BRASILIA, Jan 17 (Reuters) - Rio de Janeiro state prosecutors said on Thursday they were temporarily suspending an investigation into suspicious payments handled by the former driver of Brazilian President Jair Bolsonaro’s son, Flavio, due to a Supreme Court ruling.
The Supreme Court ruling injunction was sealed, the prosecutors said in a written statement, and no details were immediately available about who had lodged it, or why.
Questions over the origin of funds in the bank account of Fabricio Queiroz, who for years was a driver on the payroll of former Rio state lawmaker and Senator-elect Flavio Bolsonaro, have threatened to tarnish the reputation of the Bolsonaro family, whose members surged to power on a promise to end years of political corruption.
The scandal arose after Brazil’s Council for Financial Activities Control (COAF) identified 1.2 million reais ($305,000) that in 2016-17 flowed through the bank account of Queiroz. Some payments were made to the president’s wife, Michelle Bolsonaro.
Flavio Bolsonaro, his father and Queiroz have all said they are innocent of any crime.
Rio de Janeiro state prosecutors had asked Flavio Bolsonaro to meet with them to explain the irregular cash flows on Thursday, after Queiroz failed to show up for previous appointments, citing health reasons.
But Flavio Bolsonaro said he would not meet with prosecutors as planned, saying he had only been notified of the appointment on Monday. He vowed to arrange a new time.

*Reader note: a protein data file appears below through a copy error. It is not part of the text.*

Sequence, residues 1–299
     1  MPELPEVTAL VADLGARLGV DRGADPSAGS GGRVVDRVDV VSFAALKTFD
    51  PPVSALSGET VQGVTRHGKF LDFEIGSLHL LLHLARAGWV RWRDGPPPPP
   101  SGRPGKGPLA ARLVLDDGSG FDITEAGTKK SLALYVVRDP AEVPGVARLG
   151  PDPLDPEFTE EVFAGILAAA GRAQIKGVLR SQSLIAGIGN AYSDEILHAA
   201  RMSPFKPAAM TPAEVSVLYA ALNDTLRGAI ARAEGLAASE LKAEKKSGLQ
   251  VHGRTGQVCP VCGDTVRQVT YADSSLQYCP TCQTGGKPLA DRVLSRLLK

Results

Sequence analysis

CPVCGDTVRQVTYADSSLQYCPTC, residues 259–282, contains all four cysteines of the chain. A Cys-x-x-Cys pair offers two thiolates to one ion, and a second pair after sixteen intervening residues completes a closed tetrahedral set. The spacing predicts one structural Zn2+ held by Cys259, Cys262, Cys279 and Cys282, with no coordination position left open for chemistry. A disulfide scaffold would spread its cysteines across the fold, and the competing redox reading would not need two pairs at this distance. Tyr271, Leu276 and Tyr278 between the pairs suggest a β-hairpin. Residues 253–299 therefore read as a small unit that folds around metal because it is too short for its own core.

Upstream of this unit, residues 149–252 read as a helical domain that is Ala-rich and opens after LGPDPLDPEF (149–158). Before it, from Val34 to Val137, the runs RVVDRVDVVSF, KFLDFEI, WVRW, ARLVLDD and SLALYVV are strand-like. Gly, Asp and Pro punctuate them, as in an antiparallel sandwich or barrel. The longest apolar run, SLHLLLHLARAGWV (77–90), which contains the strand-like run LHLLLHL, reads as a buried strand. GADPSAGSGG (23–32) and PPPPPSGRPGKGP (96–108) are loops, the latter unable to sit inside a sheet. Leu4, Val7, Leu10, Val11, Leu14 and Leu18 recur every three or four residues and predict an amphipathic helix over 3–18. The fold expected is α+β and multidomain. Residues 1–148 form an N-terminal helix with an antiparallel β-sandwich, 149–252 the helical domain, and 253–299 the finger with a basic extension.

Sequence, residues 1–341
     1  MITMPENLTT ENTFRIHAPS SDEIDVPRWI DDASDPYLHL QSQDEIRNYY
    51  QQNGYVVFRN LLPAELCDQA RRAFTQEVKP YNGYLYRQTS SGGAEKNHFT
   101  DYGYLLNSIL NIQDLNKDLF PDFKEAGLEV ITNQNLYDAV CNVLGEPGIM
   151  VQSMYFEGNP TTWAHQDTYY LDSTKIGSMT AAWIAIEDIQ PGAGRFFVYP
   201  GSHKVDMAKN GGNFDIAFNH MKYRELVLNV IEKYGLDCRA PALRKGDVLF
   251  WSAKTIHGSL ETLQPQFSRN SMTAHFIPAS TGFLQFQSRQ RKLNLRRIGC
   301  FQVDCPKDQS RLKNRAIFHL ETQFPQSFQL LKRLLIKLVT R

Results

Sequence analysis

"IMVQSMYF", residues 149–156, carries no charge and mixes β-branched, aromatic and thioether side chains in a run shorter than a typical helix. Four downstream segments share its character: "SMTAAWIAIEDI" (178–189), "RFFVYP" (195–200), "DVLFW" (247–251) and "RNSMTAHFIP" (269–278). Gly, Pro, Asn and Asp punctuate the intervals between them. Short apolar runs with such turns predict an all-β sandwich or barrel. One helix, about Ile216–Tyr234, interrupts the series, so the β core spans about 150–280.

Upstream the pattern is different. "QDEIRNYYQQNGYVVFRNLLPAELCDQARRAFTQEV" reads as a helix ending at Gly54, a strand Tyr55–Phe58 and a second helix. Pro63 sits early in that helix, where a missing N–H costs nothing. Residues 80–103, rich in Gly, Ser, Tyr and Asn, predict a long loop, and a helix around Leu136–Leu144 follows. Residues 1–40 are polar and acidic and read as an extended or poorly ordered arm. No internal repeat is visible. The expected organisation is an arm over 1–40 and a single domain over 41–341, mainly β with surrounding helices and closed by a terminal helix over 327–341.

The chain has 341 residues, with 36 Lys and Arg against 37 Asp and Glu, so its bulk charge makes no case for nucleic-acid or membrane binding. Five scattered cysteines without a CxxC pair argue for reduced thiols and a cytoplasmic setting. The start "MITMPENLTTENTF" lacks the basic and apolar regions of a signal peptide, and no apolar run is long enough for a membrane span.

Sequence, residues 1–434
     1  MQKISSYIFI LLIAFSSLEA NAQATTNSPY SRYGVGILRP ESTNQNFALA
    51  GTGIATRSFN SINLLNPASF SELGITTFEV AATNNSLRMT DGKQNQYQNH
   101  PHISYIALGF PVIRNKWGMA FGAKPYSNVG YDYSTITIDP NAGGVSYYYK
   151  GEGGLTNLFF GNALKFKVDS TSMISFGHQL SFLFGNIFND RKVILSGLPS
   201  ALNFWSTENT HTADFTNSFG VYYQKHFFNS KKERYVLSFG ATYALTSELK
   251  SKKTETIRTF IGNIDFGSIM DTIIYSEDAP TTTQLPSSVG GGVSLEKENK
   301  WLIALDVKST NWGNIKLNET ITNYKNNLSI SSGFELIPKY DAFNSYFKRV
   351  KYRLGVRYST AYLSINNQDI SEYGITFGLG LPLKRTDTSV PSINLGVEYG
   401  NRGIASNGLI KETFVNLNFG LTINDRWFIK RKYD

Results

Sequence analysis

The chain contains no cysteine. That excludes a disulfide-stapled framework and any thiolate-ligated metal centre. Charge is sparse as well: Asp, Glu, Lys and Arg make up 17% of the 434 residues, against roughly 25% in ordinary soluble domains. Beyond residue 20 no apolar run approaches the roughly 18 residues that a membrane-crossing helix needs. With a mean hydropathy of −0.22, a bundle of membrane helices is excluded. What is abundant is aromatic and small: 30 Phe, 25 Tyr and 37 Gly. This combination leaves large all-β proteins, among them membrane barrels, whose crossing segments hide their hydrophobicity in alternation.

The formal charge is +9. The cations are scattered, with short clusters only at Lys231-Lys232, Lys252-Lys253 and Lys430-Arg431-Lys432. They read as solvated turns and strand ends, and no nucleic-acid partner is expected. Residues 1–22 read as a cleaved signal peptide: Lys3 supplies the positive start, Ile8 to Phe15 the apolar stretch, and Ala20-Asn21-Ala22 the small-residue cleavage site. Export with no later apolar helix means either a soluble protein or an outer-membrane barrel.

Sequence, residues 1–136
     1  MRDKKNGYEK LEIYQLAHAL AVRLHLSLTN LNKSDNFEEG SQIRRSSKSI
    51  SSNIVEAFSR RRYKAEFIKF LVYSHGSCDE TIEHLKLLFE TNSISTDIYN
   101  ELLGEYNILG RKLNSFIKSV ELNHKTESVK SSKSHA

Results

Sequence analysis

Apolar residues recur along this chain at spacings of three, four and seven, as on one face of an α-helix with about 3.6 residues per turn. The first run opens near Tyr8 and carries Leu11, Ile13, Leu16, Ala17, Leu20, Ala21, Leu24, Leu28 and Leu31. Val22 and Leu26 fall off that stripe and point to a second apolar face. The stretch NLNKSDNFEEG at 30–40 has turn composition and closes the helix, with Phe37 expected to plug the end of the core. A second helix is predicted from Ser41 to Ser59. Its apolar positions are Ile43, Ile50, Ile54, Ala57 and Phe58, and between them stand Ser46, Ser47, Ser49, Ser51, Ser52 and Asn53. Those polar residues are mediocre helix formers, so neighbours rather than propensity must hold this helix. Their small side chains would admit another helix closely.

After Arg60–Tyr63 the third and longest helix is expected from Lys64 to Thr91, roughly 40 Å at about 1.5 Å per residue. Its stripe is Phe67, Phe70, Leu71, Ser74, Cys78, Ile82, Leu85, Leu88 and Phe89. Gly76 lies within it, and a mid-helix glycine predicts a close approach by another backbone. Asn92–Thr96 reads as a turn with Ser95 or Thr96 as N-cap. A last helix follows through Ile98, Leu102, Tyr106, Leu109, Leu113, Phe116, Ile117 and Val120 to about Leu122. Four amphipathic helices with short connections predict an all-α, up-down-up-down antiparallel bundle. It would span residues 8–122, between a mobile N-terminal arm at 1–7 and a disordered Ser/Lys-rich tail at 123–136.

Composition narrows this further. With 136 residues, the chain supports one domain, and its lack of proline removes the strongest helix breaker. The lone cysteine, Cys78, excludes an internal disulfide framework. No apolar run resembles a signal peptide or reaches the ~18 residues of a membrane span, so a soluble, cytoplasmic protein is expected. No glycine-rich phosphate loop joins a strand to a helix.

“As I am not being investigated, I have not yet had access to the records,” he wrote on Facebook. “I hereby undertake to schedule a day and time to present the duly substantiated explanations...so that there is no doubt about my conduct.”
Jair Bolsonaro, who took power on Jan. 1, has said the payment to his wife was Queiroz repaying a personal loan.
Flavio Bolsonaro has said that Queiroz gave him a “plausible” explanation, and that the accusations were intended to destabilize the Bolsonaro family.
In a TV interview late last month, Queiroz said the money in his account was from a side-business of buying and selling cars.
“I’m a businessman,” he said. “I make money.”
According to COAF, some of the payments to Queiroz’ bank account were made by other employees on Flavio Bolsonaro’s payroll when he served as a state lawmaker, including by Queiroz’s own daughter. Many of the deposits were made on or around the same day the employees were paid, COAF found.
Reporting by Ricardo Brito; Editing by Brad Brooks and Bernadette Baum